A Cambridge Judge alumnus has written a light-hearted song about his life-changing decision to switch from a career in music to accounting via the Management Studies Tripos (MST) programme at Cambridge Judge Business School.
When you are being swept away by a soaring symphony or triumphant march, it’s easy to forget how mathematical music really is given its counting, rhythm, and scales. One person who has seized upon these similarities is Vivek Haria, a musician who has taken the plunge into accounting through the Management Studies Tripos programme (MST) at Cambridge Judge Business School (CJBS).
Now Vivek (MST 2021) has channelled his experience of swapping Baroque for balance sheets into a song that manages to rhyme “MST” with “cryptocurrency”.
What music can bring to the business world
“I suppose that accounting, just like music, is a language in itself,” he says. “The teamwork, collaboration, and communication skills I was able to develop during both my music degree and the MST have certainly helped in my role as a consultant when I’m working with clients” at professional services firm EY, where he began work as a tax advisor in September.
Vivek has captured the song in a video featuring himself as vocalist, standing in a back garden, clad in pinstriped blue suit, white shirt and red tie, as birds chirp away in the background.
The song begins with the sort of delicate and sombre piano one might hear arriving at a church service, as Vivek intones:
“I always thought I was a musician; often writing harmony and melody. That’s why I came to Cambridge after all, but that was before the MST.”
The tune then quickly pivots from ponderous to jaunty, resembling a rollicking chorus from a Gilbert & Sullivan musical:
“The MST, the MST, you got me into cryptocurrency. I don’t know what I’d have done instead (‘an MPhil’, he murmurs in a smiling stage whisper, turning away from the camera while mock-covering his mouth with his hand); so thank you MST.”
The humorous song came from marrying his BA in Music degree with the knowledge Vivek gained from the MST in his final year at the University of Cambridge. It charts his journey composing harmonies and melodies to his time at Cambridge Judge “running Monte Carlo simulations” (a forecasting model) and “cracking NPV (net present value).”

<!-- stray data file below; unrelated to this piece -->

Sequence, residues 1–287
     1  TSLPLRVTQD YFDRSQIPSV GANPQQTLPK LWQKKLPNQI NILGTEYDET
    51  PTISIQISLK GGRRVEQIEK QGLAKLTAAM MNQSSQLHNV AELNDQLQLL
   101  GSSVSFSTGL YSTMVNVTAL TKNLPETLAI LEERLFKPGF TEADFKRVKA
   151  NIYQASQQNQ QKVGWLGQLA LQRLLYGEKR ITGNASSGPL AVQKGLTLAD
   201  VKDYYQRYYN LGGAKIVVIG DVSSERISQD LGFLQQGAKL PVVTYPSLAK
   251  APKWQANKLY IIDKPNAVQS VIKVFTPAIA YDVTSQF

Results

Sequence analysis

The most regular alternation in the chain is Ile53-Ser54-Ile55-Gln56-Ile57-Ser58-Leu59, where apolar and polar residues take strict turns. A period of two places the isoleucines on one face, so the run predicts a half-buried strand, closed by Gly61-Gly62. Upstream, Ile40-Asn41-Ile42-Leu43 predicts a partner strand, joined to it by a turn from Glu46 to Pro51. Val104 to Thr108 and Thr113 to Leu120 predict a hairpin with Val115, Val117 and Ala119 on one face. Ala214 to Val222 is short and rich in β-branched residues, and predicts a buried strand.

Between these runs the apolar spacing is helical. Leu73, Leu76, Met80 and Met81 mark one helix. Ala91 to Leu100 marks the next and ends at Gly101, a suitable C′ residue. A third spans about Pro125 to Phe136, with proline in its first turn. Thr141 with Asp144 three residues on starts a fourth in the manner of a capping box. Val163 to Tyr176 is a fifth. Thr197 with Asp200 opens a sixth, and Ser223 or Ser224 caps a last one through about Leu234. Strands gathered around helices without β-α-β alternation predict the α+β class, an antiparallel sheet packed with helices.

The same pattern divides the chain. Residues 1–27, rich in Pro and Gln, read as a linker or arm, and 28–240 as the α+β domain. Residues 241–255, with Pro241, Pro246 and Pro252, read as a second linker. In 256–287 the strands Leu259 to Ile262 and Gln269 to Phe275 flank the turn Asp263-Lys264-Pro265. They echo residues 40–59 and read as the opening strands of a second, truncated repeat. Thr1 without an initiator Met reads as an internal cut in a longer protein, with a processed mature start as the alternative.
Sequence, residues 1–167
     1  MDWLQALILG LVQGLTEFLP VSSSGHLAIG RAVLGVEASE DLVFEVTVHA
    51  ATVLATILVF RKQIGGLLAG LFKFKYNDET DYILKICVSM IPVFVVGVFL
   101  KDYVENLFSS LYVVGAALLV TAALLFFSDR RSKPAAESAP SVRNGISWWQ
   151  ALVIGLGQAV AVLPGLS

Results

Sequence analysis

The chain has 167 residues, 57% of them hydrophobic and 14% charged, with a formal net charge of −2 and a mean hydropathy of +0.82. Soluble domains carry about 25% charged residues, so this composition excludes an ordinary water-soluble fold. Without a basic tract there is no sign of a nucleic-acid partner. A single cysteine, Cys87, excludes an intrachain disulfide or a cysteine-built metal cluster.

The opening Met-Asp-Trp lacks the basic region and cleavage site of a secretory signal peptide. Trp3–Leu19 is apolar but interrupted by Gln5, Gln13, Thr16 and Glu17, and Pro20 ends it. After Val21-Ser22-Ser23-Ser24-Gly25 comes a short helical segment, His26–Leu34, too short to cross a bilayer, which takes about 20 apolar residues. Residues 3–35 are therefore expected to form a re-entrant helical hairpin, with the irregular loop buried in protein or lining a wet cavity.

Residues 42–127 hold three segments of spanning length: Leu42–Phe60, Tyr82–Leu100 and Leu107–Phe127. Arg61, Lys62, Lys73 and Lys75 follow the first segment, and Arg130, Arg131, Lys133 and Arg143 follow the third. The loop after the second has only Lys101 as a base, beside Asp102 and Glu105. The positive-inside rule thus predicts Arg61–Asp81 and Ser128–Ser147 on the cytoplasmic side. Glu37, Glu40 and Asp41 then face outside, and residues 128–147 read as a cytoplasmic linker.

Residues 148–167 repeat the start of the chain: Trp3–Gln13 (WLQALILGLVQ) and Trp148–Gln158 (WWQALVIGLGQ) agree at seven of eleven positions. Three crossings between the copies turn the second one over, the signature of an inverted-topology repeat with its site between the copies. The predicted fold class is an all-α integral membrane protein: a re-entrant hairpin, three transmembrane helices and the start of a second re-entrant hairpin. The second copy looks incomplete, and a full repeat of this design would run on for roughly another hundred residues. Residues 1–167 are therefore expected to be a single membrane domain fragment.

Musical prelude an unusual route to studying at CJBS
Vivek was always musical and began singing as a small child. He continued his studies at the Royal College of Music Junior Department in London while at secondary school.
“I initially wanted to pursue a career in singing but, after continuing Music at A Level and starting formal composition lessons, I became hooked on the academic side,” he says. “A Music degree seemed like the natural progression, and I was thrilled to be offered a place to study at the University of Cambridge. My most memorable performance is singing the Bass solo in Bach’s Christmas Oratorio as part of the Gonville and Caius College Choir tour of Romania.”
How the pandemic played a role in changing careers
Changing career path was a brave decision, but Vivek wanted what he describes as “a more rounded education”. He was tempted to pursue his studies in composition as a masters student, either at Cambridge or a conservatoire, but “I felt a course like the MST in the final year of my degree would give me more strings to my bow (pun intended),” he says.
The Management Studies Tripos, designed to teach the fundamentals of management, is open to a limited number of University of Cambridge undergraduates as a third or fourth year of their bachelors degree.
In Vivek’s case, global events also played a role. “Pursuing a career in the Arts today, particularly emerging from the pandemic, is still a difficult feat. But I feel that the skills I’ve acquired during my musical studies and training over the years are still useful in my job today.”
Opportunity to develop new skills
As well as learning the basis of management practice, including key financial concepts such as Time Value of Money, Vivek forged new connections and friendships at Cambridge Judge. He credits Kamiar Mohaddes, Associate Professor in Economics and Policy, and Juliana Kozak Rogo, Associate Professor in Management Practice, for introducing him to economics in a fun and engaging way. Another inspiration was the negotiations teaching of Mark de Rond, Professor of Organisational Ethnography. “I know how to negotiate effectively now – this also proves useful when arranging fees for the occasional singing gigs”.
Vivek is training to be a chartered accountant while working in the Tax Technology & Transformation practice at EY in London. He hasn’t left music entirely behind, however, and has just been selected as an Associate for the London Symphony Orchestra’s Soundhub scheme, an extended community of composers who benefit from peer-to-peer networking and support.
Lasting memories of Cambridge Judge
In the final verse, Vivek’s song contains a special mention for the bright and airy Cambridge Judge Business School café – known as the Common Room – which often serves as a (vocal) interlude for busy students. “I’ll miss bumping into friends and chatting over a coffee between lectures,” Vivek says.